(unmaintained) Say hello to your Arduino
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Note: The Ciao Arduino libraries are not compatible with the Arduino 1.0 IDE. Download version 0023 from the Arduino site, which you can run in parallel with Arduino 1.0.


These libraries for Arduino and Processing communicate with the Ciao iOS app. Ciao uses Bonjour networking to discover Arduinos on your local network, and it communicates with them over standard TCP/IP sockets using a human-readable, line-based protocol. Arduinos with Ethernet shields work best, but USB Arduinos connected to a computer with Processing work, too.

Getting Started: I don’t have anything

You don’t need an Arduino to use the Ciao app.

1. Download Processing and install it.

2. Copy the included Processing/libraries/ciao/ folder into Processing’s libraries/ folder. The default folder on Mac OS X is:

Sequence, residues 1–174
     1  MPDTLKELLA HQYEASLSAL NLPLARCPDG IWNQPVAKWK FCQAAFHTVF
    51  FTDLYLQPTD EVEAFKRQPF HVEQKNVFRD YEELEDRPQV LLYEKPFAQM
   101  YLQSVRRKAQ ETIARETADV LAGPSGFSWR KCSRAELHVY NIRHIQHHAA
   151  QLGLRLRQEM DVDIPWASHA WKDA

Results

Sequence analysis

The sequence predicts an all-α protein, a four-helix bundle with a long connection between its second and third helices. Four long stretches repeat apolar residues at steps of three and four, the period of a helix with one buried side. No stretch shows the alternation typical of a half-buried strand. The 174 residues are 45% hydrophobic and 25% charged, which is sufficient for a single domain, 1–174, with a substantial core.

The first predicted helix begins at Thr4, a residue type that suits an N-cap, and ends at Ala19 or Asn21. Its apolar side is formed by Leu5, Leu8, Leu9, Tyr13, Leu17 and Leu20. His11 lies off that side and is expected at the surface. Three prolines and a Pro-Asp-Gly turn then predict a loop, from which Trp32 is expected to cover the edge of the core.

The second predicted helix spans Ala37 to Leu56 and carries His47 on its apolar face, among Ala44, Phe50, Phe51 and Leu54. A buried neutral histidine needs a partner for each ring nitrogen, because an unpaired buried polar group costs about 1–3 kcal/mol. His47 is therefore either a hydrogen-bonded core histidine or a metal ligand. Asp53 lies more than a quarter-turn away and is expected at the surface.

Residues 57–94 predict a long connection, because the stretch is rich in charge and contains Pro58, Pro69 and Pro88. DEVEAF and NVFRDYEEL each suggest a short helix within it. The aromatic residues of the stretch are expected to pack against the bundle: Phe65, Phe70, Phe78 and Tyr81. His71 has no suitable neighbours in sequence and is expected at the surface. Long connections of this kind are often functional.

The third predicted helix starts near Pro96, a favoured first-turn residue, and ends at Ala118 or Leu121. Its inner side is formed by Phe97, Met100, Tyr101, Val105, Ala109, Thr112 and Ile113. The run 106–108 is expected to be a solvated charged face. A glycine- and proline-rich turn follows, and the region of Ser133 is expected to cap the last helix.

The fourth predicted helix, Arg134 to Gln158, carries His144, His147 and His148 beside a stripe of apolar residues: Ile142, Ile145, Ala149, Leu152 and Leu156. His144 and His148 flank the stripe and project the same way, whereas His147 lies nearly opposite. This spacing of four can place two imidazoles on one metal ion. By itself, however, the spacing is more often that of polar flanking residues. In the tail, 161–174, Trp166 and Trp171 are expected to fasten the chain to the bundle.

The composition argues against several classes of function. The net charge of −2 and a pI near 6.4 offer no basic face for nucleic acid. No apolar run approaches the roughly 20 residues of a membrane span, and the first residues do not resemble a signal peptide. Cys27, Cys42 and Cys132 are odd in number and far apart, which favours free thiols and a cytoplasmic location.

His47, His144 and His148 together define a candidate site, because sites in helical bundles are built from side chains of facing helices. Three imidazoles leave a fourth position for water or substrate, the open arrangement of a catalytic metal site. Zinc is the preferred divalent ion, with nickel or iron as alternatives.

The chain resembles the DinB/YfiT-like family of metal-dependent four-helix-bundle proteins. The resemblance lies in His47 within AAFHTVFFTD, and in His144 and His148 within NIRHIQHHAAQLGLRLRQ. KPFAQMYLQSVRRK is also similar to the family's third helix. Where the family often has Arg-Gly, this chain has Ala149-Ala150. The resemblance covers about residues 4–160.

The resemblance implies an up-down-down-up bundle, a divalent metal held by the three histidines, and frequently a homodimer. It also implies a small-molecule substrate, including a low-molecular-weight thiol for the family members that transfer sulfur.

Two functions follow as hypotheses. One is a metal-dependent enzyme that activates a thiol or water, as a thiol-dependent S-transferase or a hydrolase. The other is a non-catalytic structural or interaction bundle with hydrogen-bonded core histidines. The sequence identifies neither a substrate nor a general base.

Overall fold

Create the libraries/ folder if it doesn’t exist. Consult the instructions on how to install a contributed library for help finding Processing’s libraries/ folder.

3. Launch Processing or restart it if it was already running. Select one (or more) of the sample Ciao apps: ColorChanger, MouseCoordinates, or SimpleCounter. Find them in the menu:

File > Sketchbook > libraries > ciao > examples

After opening them, click “Run”.

4. Launch Ciao on your iOS device.

5. Find the sketches and interact with them in Ciao.

Known issue: Macs with Internet Sharing enabled may not route Bonjour traffic properly.

Troubleshooting: Discovery for iOS is a useful app to verify what Bonjour services your iOS device can see. Arduino and Processing sketches will show up in Discovery as _ciao._tcp.

Getting Started: I have an Arduino, but no Ethernet shield

If you don’t have an Ethernet shield, you may use your computer and a Processing sketch to connect your Arduino to your network. Once it’s on the local network, Ciao can find the Arduino using Bonjour.